Many factors come into play for building a successful voice over career, and one of the most important is your mindset. And your mindset goes much deeper than, say, having a positive or negative attitude.
I’m talking about the attitudes and beliefs outlined by Stanford University psychologist Carol Dweck, who has done extensive research related to two main types of mindsets: the fixed mindset and the growth mindset. Each mindset comes with its own set of beliefs that shape the way individuals approach their VO careers – and their overall lives.
The Fixed Mindset vs. The Growth Mindset
Folks who have a fixed mindset believe they were born with a certain amount of intelligence, talent and skills, and those traits are fixed in place. No matter what they do or how hard they try, there’s no way to increase those traits.
On the opposite side of the fence is the growth mindset. This mindset assumes the intelligence, character traits and creative abilities we harbor at birth are just a starting point, and they can all be strengthened and enhanced throughout our lives.
More on the Fixed Mindset
Because people with fixed mindsets think the hand they were dealt is as good as it gets, their mission in life becomes proving they were dealt an amazing hand. Every success confirms they have the winning hand, while every failure is a blatant sign of deficiencies.
The Fixed Mindset:
- Views success as validation of their inherent traits
- Views failures as proof of deficiencies
- Avoids challenges as they may result in failure
- Gives up easily in the face of obstacles
- Sees effort as useless since they’re already born with what they need
- Ignores constructive criticism
- Feels threatened by the success of others
More on the Growth Mindset
Those with a growth mindset believe hard work and targeted efforts can bring about significant changes in our level of intelligence, talent and skills – or even in our personality traits. Failures are not seen as proof of deficiencies but rather as valuable lessons that help stretch existing abilities to even higher heights.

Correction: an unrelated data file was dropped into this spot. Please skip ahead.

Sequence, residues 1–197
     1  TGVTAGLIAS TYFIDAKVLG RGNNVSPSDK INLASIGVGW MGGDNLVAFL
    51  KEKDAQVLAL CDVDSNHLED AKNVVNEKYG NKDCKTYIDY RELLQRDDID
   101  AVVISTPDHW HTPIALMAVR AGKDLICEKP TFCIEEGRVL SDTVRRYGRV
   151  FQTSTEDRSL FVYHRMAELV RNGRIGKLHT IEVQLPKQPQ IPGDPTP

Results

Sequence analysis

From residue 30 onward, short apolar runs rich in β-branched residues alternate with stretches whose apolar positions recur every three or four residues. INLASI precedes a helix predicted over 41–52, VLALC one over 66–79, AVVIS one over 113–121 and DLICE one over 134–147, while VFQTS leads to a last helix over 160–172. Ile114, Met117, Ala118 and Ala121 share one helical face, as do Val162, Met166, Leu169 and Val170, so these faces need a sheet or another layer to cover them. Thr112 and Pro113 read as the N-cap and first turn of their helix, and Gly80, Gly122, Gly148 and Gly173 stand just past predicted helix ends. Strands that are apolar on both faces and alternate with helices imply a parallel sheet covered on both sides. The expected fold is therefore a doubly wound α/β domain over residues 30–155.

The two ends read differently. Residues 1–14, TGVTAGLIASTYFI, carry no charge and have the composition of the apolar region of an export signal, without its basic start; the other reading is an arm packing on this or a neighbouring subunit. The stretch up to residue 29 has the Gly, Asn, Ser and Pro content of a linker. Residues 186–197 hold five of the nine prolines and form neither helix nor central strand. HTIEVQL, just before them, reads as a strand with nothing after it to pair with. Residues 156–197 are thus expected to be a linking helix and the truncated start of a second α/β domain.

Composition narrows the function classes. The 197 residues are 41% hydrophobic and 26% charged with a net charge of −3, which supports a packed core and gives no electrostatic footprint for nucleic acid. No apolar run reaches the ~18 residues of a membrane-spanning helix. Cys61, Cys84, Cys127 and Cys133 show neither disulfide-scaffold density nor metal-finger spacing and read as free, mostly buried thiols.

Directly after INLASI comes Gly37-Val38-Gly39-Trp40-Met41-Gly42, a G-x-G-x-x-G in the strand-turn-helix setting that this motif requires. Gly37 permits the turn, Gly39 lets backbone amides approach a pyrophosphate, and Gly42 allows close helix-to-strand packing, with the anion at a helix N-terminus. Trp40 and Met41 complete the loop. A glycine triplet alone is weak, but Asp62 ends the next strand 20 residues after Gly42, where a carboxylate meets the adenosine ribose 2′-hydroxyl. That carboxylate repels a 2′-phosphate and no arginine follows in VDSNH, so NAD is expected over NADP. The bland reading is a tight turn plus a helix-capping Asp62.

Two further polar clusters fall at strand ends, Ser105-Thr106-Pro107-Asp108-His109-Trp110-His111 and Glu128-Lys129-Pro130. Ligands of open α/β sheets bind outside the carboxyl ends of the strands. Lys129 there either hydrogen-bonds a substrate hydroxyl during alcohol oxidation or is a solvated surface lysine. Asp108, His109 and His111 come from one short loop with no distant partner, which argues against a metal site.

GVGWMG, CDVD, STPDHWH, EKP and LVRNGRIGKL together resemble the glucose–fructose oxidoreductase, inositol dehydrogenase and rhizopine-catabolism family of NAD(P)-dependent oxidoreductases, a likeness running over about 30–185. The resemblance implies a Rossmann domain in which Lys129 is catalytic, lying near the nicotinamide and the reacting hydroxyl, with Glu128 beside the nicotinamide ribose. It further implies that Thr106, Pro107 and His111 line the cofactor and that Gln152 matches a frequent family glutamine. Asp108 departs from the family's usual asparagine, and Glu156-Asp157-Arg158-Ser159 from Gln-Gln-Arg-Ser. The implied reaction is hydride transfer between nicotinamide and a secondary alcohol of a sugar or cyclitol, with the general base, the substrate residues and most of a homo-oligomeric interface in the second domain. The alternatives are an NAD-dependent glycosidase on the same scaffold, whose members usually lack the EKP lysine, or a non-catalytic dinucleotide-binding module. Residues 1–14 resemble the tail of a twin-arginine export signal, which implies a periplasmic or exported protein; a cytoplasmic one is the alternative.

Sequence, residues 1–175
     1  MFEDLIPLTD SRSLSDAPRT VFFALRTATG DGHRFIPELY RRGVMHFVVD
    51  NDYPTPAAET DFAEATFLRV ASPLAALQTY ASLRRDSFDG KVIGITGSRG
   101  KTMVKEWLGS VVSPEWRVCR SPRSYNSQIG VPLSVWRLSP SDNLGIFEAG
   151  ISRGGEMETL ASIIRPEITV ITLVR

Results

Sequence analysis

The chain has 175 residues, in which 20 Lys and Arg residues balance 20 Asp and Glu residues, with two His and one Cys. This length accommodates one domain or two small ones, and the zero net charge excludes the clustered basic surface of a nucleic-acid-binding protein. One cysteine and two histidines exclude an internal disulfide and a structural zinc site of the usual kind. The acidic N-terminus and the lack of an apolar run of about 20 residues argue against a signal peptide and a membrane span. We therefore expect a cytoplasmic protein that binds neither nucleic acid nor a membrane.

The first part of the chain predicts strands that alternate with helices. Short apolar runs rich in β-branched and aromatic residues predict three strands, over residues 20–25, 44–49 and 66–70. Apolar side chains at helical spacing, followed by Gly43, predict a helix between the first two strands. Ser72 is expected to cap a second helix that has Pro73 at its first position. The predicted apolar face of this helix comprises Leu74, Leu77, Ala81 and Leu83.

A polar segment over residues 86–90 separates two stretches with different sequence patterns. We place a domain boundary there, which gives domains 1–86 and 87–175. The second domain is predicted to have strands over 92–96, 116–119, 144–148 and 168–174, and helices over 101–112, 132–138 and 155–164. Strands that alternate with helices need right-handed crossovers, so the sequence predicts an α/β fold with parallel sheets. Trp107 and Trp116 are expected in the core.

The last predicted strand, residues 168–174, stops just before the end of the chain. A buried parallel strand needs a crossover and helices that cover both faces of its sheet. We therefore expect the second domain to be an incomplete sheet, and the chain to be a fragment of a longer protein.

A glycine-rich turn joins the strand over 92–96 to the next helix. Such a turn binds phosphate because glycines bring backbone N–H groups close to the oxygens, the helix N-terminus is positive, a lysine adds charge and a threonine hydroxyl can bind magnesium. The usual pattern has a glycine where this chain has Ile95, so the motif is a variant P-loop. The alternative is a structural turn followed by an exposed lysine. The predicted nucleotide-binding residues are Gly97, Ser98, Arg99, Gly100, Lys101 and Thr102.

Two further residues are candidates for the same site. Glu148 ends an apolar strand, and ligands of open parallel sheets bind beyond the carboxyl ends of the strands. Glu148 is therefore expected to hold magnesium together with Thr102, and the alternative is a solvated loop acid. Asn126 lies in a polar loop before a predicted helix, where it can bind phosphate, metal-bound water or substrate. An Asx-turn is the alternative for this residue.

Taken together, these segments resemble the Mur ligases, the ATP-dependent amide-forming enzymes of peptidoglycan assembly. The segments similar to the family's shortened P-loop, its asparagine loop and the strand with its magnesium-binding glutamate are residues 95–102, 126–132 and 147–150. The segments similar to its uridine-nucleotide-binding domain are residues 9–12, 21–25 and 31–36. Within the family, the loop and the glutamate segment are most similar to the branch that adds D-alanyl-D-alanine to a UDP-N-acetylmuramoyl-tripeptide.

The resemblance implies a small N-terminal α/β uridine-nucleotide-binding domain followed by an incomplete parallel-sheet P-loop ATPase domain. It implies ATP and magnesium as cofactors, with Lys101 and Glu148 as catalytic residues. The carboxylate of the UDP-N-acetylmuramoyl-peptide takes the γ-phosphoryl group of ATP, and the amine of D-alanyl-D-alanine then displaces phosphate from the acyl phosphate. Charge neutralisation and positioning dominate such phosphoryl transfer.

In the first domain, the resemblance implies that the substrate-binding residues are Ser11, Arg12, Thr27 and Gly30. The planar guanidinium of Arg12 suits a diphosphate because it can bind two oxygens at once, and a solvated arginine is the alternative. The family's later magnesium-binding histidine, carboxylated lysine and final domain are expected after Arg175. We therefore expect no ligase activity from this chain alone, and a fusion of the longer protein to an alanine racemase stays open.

The Growth Mindset:
- Views success as the reward for their hard work and efforts
- Views failure as valuable lessons
- Thrives on challenges and pushing self to higher heights
- Persists in the face of obstacles
- Sees effort as the path to mastery
- Learns from constructive criticism
- Feels inspired by and learns lessons from the success of others
How a Fixed Mindset Might Approach a VO Career
Someone with a fixed mindset may go into a career as a voice over artist with high hopes of proving their innate talents and skills in the area. Since they were born with all the talent they need, they may not be interested in advanced training or putting intense effort into sharpening their skills.
They’ll instead sit at a microphone, send out audition after audition, knowing they’ll eventually be hailed as the highly talented and amazing voice over artist they feel they are. They may land a job or two, but then notice the majority of auditions they send get no response whatsoever.
Rather than trying to figure out why some auditions get no response, they look at the ones that do – then go for jobs that are similar to those they’re already landing. They may discover they have a strong, inherent talent for political voice overs, for instance, but notice they get no response when they send out auditions for commercials or e-books.
So they focus solely on political voice overs, responding to calls for auditions and also contacting companies directly to offer their services, whether the company called for an audition or not.